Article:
There is a need to inculcate contemporary scientific knowledge and techniques for better understanding of comprehensive knowledge of Ayurveda pharmacology for its global acceptance. Establishing the pharmacokinetics and pharmacodynamics of Ayurveda single- and multidrug-based therapeutics is a big challenge owing to the presence of numerous active phytoconstituents. These issues can be addressed through a multidisciplinary approach by involving basic sciences such as Chemistry, Molecular Biology, Pharmacoepidemiology Biotechnology, Ethnopharmacology, Ayurvedic Drug Discovery, Reverse Pharmacology, and various other areas.

A Working template for carrying out a Network pharmacology study usually has the following steps, viz. (1) Compounds Database Building (using online databases, viz. PubMed, Embase, and Google Scholar), (2) Screening Potential Active Ingredients for evaluating Drug-Likeness, Absorption, Distribution, Metabolism, Excretion, and Toxicity (ADMET) Evaluation (using SwissADME http://www.swissadme.ch/),[6] (3) Target Genes (using Swiss Target Prediction http://www.swisstargetprediction.ch/)[7],[8] and Protein–Protein Interaction Network Prediction (using STRING),[9] (4) Gene Function and Pathway Enrichment Analysis with Gene Ontology (GO) enrichment analysis and Kyoto Encyclopaedia of Genes and Genomes (KEGG)[10] pathway analysis, (5) Disease Ontology Analysis (using https://disease-ontology.org/),[11] (6) Molecular Docking Analysis (using Auto Dock vina and other such related tools, and (7) Ingredient-target-disease (I-T-D) network Construction (using tools such as Cytoscape).[12] The findings from these various steps are further analyzed using open-source tools, viz. “R software” etc., with suitable packages for interpretation of the results and deciding up on further course of action in terms of wet-lab work. Studies carried out on these lines can help us to explain multicomponent interaction with multiple targets, regulation of multiple biological processes, and synergistic effect of Ayurvedic formulae containing multiple ingredients with multiple chemical constituents.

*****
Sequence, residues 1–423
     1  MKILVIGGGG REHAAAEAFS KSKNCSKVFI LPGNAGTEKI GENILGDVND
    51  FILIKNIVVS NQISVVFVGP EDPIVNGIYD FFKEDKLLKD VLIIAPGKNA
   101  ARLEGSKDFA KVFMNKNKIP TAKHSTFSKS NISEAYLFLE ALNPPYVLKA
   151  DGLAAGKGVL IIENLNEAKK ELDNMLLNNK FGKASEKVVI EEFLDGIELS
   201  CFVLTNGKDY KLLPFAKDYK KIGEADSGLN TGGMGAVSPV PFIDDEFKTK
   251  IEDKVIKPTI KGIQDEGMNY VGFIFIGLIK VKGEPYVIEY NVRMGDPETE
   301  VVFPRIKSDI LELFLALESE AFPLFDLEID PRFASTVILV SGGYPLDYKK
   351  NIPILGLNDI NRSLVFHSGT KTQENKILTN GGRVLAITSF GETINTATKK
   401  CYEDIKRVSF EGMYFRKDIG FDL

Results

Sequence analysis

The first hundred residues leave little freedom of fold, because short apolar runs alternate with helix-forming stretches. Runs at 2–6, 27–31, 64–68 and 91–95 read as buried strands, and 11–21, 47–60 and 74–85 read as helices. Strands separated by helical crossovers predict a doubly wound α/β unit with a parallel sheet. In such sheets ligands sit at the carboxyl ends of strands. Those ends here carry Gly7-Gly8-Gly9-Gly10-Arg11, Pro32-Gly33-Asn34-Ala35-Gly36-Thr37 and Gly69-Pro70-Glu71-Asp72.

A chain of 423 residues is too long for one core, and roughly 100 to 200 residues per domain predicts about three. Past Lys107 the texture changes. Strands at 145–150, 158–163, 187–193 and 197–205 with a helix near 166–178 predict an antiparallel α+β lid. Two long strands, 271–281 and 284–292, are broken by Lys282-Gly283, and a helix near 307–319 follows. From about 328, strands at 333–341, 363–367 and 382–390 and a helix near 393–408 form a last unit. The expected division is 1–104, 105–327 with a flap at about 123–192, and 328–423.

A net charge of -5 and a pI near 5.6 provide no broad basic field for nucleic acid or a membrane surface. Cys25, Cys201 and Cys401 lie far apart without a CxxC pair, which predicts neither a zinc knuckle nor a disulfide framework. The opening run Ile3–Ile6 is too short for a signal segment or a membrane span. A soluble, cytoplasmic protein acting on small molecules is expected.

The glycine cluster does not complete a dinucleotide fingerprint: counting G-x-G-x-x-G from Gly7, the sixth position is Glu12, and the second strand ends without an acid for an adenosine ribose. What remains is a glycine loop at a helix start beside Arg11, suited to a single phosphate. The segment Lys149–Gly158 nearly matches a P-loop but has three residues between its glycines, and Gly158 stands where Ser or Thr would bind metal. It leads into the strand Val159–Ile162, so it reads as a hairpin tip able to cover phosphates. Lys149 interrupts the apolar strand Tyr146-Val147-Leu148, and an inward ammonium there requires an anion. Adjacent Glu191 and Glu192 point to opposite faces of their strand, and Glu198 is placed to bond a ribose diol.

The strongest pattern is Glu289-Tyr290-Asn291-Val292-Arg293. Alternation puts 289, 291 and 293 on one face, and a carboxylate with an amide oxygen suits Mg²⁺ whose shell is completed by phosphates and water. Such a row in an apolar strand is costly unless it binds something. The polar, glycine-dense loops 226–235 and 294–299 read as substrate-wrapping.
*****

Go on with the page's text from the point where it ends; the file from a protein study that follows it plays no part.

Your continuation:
The bioinformatics and network pharmacology approaches would be well adopted in validating the approaches from traditional medicine through different possible ways such as:

  1. Understanding of the mechanism of action


  2. Generation of evidence and safety through reverse pharmacology and reverse innovation of known leads from Ayurveda/Traditional Medicine.


  3. Generation of basic leads for designing the management/treatment of multigenic complex diseases


  4. Known drugs for new indications/medications for other diseases.


Given the rapid progress in bioinformatics, systems biology, and polypharmacology, network-based drug discovery is considered to be a promising approach for cost-effective drug development. Based on the above, the Central Council for Research in Ayurvedic Sciences (CCRAS), under the Ministry of Ayush has taken initiative through a collaborative project entitled “Mechanistic investigation on the efficacy and mode of action of Ashwagandha and Yogarajguggulu using a hybrid proteomics cheminformatics network medicine approach for the treatment of osteoarthritis” in collaboration with Indian Institute of Technology (IIT), Guwahati. As the computational and systems biology will provide new insight into the multiple target identification and thus increases the global acceptance of Ayurveda as well as Ayush systems, these efforts may lead to better understanding of Ayurveda pharmacology and Ayurveda pharmaceutics.